Sandsational! Sand Sculptures on the Coast
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Sandsational! Texas beaches inspire art and architecture
By Helen Bryant
What makes Texas sand so magical that children, adults, and even professional artists can’t wait to dig their hands into it and build something? “Sand here is fine-grained and sticky from the natural clay and silt carried to the Gulf from the Mississippi River,” says South Padre Island sand sculptor Lucinda Wierenga.
The urge to build on the beach seems almost universal. Walk along the shoreline and you’ll see remnants of drip castles and conical structures crafted from upended sand pails. You might notice a hole that, before high tide started to melt it away, served as a moat.
But some sandcastle builders aim for higher art. Professional sand sculptors from all over the United States and Canada flock to contests and festivals here.
“I love traveling to Texas for many reasons,” says Karen Fralich of Burlington, Ontario, who has consistently placed in both the South Padre Island and Port Aransas festivals for 11 years. “The wonderful people, including all my sand-sculptor friends, and the well-run, laid-back atmosphere of the festivals, the excellent sculpting quality of the beach sand, the huge beaches, great fishing—and all that Texas hot sauce.”
“Once people get down here, they love our beach,” says South Padre Island sand sculptor Walter McDonald, better known as The Amazin’ Walter.
Wierenga, who founded South Padre Island’s contest with McDonald, sums up the Texas beach allure this way: “Warm weather when it’s cold elsewhere, and superior sand-sculpting material have a lot to do with it, of course. But it also takes Texan appreciation and support of home-grown art.”
Perhaps the ultimate validation of Texas sand is that real architects like to build with it—at least once a year—at a special event created just for them: the American Institute of Architects Sandcastle Competition. The contest celebrates its 25th year in Galveston on June 4.
Only architectural teams, perhaps with a construction professional or two on the team, can enter this contest. “This is for architects and engineers,” says Mat Wolff, associate director of AIA Houston, which sponsors the contest. “It’s an opportunity for our members to go out and have some fun, network, and team-build. And it’s a chance to promote architects and explain why they’re important.” Most of the teams—75 are expected this year—hail from Houston, with a few traveling from Texas cities such as Austin and San Antonio.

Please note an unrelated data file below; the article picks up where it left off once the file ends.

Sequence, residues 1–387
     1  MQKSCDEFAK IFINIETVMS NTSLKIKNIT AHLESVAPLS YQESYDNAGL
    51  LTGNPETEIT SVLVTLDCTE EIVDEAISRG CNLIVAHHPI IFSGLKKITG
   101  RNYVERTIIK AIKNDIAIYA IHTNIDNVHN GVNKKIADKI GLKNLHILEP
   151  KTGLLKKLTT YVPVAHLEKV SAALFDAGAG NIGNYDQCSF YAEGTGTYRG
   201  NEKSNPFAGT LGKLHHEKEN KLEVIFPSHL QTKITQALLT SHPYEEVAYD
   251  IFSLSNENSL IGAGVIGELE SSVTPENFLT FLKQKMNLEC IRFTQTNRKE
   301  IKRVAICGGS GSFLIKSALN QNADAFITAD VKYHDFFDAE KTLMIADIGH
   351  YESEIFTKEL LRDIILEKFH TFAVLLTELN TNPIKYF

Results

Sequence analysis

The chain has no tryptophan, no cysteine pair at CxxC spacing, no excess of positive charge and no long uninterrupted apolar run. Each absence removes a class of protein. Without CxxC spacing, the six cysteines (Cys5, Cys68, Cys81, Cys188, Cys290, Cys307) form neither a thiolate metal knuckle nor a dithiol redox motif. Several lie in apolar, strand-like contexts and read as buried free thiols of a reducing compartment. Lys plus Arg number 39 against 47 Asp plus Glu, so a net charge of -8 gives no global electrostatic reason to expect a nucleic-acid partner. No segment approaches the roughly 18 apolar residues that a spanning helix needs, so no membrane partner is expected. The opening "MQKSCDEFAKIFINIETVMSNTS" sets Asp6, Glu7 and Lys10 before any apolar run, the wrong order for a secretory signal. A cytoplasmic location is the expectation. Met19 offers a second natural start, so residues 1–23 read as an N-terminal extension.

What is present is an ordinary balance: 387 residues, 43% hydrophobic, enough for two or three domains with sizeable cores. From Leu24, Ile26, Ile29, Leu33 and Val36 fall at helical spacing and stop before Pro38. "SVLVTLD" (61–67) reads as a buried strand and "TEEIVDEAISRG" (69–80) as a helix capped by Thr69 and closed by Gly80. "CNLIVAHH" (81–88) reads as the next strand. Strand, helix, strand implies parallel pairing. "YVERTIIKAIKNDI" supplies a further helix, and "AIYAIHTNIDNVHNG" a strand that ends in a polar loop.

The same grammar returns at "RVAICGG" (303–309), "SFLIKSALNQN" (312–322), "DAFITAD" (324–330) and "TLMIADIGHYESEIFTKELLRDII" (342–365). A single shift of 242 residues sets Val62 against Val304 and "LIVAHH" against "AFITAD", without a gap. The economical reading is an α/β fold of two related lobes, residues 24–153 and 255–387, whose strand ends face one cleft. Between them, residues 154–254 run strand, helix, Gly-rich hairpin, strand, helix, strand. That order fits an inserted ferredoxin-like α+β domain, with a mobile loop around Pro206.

Whereas professional sand sculptors can win thousands of dollars in their competitions, the winner of AIA takes home no cash. Instead, the team wins a Golden Bucket sculpture and runners-up get silver and bronze shovels.
“It is all for the glory and bragging rights,” Wolff says.
The architects come up with an idea, build forms out of wood, plastic pipe, or other structural materials, then gather on the appointed day (hoping that it’s a sunny one) to pack those forms full of sand, remove the forms, and hope fervently that the whole thing doesn’t come tumbling down.
“All they’re given is a huge pile of sand,” Wolff says. Teams may mix the pure Galveston sand only with water before packing it into their molds.
“There can be no form work inside it, and we no longer allow any fossil fuel-driven water pumps,” Wolff says. Bicycle pumps and other crafty water-squirting methods are permitted. “It’s actually another component of the competition to see how people move water from the Gulf to the site.”
Architect Perry Seeberger of Seeberger and Associates in Houston likes the competition’s simplicity. “It’s kind of pure and natural,” he says. “It’s just sand and water and your creativity.”
Even professional sand sculptors watch the Galveston event with interest.
“It is one of the largest non-professional events in the world and draws a very large crowd,” Wierenga says. “That is good for sand-sculpting and helps make Texans more sophisticated and discerning spectators—and it can be great inspiration for beachgoers to give sand play a go.”
Tens of thousands of spectators watch the architects build their works of art (few teams build actual castles) and cheer for their favorites.
“It’s nice for architects to put on a show for the public,” Seeberger says. “It’s really big. Their creations string out on the beach for miles and attract 30,000 to 40,000 people.”
Eight categories of competition include best entertainment theme, best sports theme, most patriotic theme, most complex, best traditional sandcastle, best architecture, most hilarious, and most lifelike. The overall winner for the day takes home the Golden Bucket.
Last year, that was Matrix Spencer Architects of Houston, whose team built a sculpture titled “Train Your Dragon.”
“It was a parody of the movie,” says architect Ken Cvejanovich, who headed the sculpting team. “There was a Viking that didn’t look much like a Viking, but the dragon on the train looked like a dragon. And the castle looked like a castle.” He said his office started kicking around ideas three months before the competition, and for his team of about 30, “putting it together was a great team morale booster and a lot of fun.”
Matrix Spencer has been competing for about 20 years, and its members know how to wield putty knives to carve details into the sculpture.
“It’s fun competing against your peers,” he says. “It’s an artistic event, but we don’t usually consider ourselves artists.”
Only once has a thunderstorm rained out the competition, and Cvejanovich says the teams don’t sweat it.
“You can’t worry about things that are beyond your control,” he says. Besides, all the competitors know the ephemeral nature of this particular form of architecture.
From the June 2011 issue.